Editor's note: the following is a tongue-in-cheek, oftenirreverent, question and answer column published in the ASMP News solelyfor the entertainment of our readers. It does not necessarily reflect theviews of ASMP, the local chapter or other ASMP members. All opinions andanswers are solely those of the author, and he is welcome to them.

Readers' questions about any aspect of photography, or life ingeneral, are welcome and Dr. Photography will answer them in future columns,if he happens to feel like it. Send mail to:
Dear Dr. Photography

Dear Dr. Photography,

HELP! I've been a Kodachrome shooter for 20years and all of a sudden, Kodachrome processing disappears from the BayArea. Kodalux (Palo Alto) has closed down, The New Lab has discontinuedKodachrome processing, Newell Colour Lab has gone out of business. PanicCity! My life, for as long as I can remember, has revolved around weeklydoses of little yellow boxes. If Kodachrome dies, I don't think I couldgo on living. Last night, I pointed an F4 to my head and fired. Fortunately,it wasn't loaded and I'm still here today. What should I do? Help me beforeI shoot again!

Panicked in Pinole


DP: Whoa! Ease off the coffee, guy.There's more to life than a Kodachrome slide mount. You need to calm downand get your life back together -- maybe stay home and watch TV for a fewdays. Get a grip!

The Great Yellow Father has repeatedly insisted that he has no plansto discontinue production of Kodachrome film, despite possible evidenceto the contrary. However, Kodachrome processing has become, quite frankly,a pain in the butt when compared to the E-6 process. Both Kodak and Fujihave developed some wonderful new E-6 films in recent years that rival thecolor, resolution and archival stability of Kodachrome. Kodalux's decisionto close their Palo Alto plant along with New Lab's discontinuation of theirKodachrome line have dealt a temporary, but serious, blow to photographerslike you, who must now pick up the pieces of their sorry, shattered lives.Yes, it's a little harder to use Kodachrome now, but try to cope with itand think of it as a minor inconvenience. It's really not worth blowingsilver halides through your brain with a perfectly good Nikon.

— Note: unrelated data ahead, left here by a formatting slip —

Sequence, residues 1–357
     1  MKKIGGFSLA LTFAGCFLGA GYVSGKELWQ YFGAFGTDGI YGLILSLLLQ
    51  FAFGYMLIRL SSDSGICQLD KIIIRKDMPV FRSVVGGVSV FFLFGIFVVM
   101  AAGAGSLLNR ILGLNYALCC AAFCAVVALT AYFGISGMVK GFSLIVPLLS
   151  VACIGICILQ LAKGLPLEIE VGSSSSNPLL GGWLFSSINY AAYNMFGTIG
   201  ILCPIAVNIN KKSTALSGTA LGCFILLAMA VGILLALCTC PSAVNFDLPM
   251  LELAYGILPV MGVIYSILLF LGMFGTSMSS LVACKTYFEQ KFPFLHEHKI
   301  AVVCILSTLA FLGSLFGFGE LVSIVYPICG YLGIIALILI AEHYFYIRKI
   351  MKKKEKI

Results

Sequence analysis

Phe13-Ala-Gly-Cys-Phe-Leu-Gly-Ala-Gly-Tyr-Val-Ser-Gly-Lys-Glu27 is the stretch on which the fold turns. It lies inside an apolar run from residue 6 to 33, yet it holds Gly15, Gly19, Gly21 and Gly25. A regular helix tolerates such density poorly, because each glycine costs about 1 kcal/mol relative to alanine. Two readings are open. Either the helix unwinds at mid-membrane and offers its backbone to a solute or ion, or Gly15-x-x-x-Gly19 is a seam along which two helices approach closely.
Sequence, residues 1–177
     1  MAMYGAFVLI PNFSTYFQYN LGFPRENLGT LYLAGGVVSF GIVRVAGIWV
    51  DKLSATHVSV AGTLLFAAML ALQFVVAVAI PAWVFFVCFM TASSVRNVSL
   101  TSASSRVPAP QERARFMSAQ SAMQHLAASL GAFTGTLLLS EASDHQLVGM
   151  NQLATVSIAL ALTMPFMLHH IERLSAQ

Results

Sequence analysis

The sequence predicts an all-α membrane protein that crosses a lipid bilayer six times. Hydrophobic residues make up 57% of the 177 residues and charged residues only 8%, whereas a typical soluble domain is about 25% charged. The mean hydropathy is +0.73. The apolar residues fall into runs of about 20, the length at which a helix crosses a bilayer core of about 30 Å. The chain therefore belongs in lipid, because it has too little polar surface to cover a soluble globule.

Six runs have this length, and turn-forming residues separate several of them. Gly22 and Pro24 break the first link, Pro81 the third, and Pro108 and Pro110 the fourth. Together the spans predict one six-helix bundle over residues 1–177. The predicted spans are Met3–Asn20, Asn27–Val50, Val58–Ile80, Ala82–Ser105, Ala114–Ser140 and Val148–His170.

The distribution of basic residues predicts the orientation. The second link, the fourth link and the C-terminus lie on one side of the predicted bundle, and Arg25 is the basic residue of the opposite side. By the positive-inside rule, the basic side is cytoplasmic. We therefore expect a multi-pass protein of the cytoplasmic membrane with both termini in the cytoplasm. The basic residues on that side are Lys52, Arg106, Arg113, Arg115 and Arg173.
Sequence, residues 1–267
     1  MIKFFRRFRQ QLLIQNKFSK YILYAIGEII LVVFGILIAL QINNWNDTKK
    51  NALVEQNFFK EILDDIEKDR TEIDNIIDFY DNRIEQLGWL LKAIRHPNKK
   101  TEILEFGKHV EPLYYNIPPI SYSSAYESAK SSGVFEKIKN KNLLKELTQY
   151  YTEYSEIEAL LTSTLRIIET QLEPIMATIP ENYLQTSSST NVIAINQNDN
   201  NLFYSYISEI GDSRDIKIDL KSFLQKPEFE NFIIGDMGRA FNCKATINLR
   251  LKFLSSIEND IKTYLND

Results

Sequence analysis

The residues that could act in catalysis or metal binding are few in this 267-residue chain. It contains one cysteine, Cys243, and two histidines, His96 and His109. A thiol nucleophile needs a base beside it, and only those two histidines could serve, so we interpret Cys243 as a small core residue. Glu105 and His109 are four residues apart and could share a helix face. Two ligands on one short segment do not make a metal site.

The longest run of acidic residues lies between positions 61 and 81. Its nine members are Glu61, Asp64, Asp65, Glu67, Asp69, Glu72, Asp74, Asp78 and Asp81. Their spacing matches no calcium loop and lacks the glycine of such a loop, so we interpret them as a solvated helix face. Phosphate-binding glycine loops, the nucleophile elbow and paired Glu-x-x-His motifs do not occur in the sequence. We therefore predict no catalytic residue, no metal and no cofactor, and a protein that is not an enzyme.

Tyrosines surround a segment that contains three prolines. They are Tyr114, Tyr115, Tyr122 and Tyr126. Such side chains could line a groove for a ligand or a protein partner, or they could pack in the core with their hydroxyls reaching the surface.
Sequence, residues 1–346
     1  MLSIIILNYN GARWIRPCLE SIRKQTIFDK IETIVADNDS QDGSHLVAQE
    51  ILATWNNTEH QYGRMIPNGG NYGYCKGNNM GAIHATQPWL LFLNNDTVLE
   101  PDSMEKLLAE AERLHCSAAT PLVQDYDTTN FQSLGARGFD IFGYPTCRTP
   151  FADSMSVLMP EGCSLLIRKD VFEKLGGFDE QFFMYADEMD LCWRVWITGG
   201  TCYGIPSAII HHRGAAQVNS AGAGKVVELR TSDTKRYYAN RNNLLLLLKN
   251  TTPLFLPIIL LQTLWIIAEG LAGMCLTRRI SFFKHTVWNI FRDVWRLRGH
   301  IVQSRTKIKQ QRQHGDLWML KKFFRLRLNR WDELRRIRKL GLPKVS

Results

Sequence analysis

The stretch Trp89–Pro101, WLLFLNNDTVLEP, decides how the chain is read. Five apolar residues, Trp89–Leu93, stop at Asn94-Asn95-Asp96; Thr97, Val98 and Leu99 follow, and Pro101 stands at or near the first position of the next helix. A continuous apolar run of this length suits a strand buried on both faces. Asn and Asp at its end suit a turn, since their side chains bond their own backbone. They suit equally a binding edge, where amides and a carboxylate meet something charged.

Taking a favorite film from professional photographers is akin to takinga security blanket away from a two-year-old -- there are bound to be a fewtantrums. Kodak/Kodalux should know that making photographers wait fourdays to get their film back is similar to telling your two-year-old thatevery time he uses his favorite blanket, you're going to take it away forfour days while you wash it. This is not going to make you very popularand is likely to turn your home life into a minor hell for a while.

This correlation between photographers and young children is not completelyabsurd. We tend to get very attached to the things that have always beenthere for us. Imagine how we'd feel if Nikon said they didn't think 35mmcameras were worth their while anymore... if Vivitar decided the portablestrobe market was passé... if Bogen and Gitzo told us that they neverreally liked photographers who relied on tripods. In the case of Kodachromeand its processing, some photographers might be tempted to say "I don'tcare about the environment or the fact that these companies can't make moneyproviding this service to me." Life goes on. Kodachrome is still hereif you really want it. If you absolutely need 2-hour turnaround, E-6 isn'ta bad alternative.

Besides, Kodak could never get away with discontinuing Kodachrome. Thatwould be like trying to do away with all our other old favorites like Panatomic-X,Plus-X, Tri-X or the E-4 process and infrared Ektachrome. It would be asunimaginable as Pan Am going bankrupt... it could never happen!

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©1992 Scott Highton
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